Monday, September 9, 2002


UNAIDS says food shortage is worsening AIDS in Zimbabwe

HARARE, ZIMBABWE — UNAIDS said Monday food shortages in Zimbabwe were worsening AIDS infections and deaths in the southern African country.

The agency said food shortages, which affected an estimated six million people in the country, was prompting girls and women to trade sex for food, and weakening the immune systems of those suffering from AIDS.

Zimbabwe is one of at least six southern African countries currently facing food shortages due to drought, and has appealed for international humanitarian assistance to avert mass starvation.

"People are more likely to get infected and re-infected in times of starvation, and people who are HIV-positive are more likely to face the degeneration of their immune system," UNAIDS said.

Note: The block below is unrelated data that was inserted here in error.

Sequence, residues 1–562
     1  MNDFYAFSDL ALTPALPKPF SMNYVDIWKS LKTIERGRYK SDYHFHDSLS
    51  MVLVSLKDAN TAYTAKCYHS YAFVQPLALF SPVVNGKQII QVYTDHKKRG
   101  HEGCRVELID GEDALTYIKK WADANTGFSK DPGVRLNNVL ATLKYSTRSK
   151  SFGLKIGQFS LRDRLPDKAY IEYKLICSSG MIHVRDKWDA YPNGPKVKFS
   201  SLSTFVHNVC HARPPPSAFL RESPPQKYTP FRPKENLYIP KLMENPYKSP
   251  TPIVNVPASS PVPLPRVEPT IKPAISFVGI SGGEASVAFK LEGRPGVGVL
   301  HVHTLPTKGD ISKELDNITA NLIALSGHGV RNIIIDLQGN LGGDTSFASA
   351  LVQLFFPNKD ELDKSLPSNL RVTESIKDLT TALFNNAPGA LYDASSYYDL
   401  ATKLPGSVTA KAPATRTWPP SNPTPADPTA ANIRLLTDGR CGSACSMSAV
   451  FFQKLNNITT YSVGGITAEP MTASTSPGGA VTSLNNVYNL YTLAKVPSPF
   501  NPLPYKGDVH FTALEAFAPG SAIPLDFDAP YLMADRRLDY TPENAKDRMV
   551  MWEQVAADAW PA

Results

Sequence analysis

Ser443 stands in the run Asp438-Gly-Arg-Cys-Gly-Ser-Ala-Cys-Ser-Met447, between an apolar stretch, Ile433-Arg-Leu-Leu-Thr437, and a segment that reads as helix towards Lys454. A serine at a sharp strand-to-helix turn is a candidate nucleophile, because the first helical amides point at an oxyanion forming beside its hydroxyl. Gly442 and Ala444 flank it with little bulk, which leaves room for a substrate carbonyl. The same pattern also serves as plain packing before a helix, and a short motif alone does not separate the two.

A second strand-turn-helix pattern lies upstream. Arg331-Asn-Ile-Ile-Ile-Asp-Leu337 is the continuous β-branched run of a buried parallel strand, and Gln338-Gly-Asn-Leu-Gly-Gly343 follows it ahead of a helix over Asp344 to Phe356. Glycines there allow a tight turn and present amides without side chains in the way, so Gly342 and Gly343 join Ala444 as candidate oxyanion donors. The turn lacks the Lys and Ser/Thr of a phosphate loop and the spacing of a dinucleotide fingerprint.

"Statistical analyses show that HIV prevalence is correlated with falling calorie consumption, falling protein consumption and other variables conventionally associated with susceptibility to infectious disease," it added.

The agency said it estimated about 2.2 million people in Zimbabwe were stricken by AIDS, and warned the figure and severity of the pandemic was likely to increase sharply due to shortages of food in the country.

"The food shortage is leading to an increase in prostitution and other risky behaviour of women and girls in particular," UNAIDS said.

It said the food shortages were particularly a blow to children, a growing number of whom were being forced by parents to drop out of school and engage in child labour to raise money for food.

An estimated 5,000 people in Zimbabwe die of AIDS every week, and the World Health Organisation says it is one of the worst hit countries in the world.

The government has declared AIDS a national disaster.

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Created: September 12, 2002
Last modified: September 12, 2002
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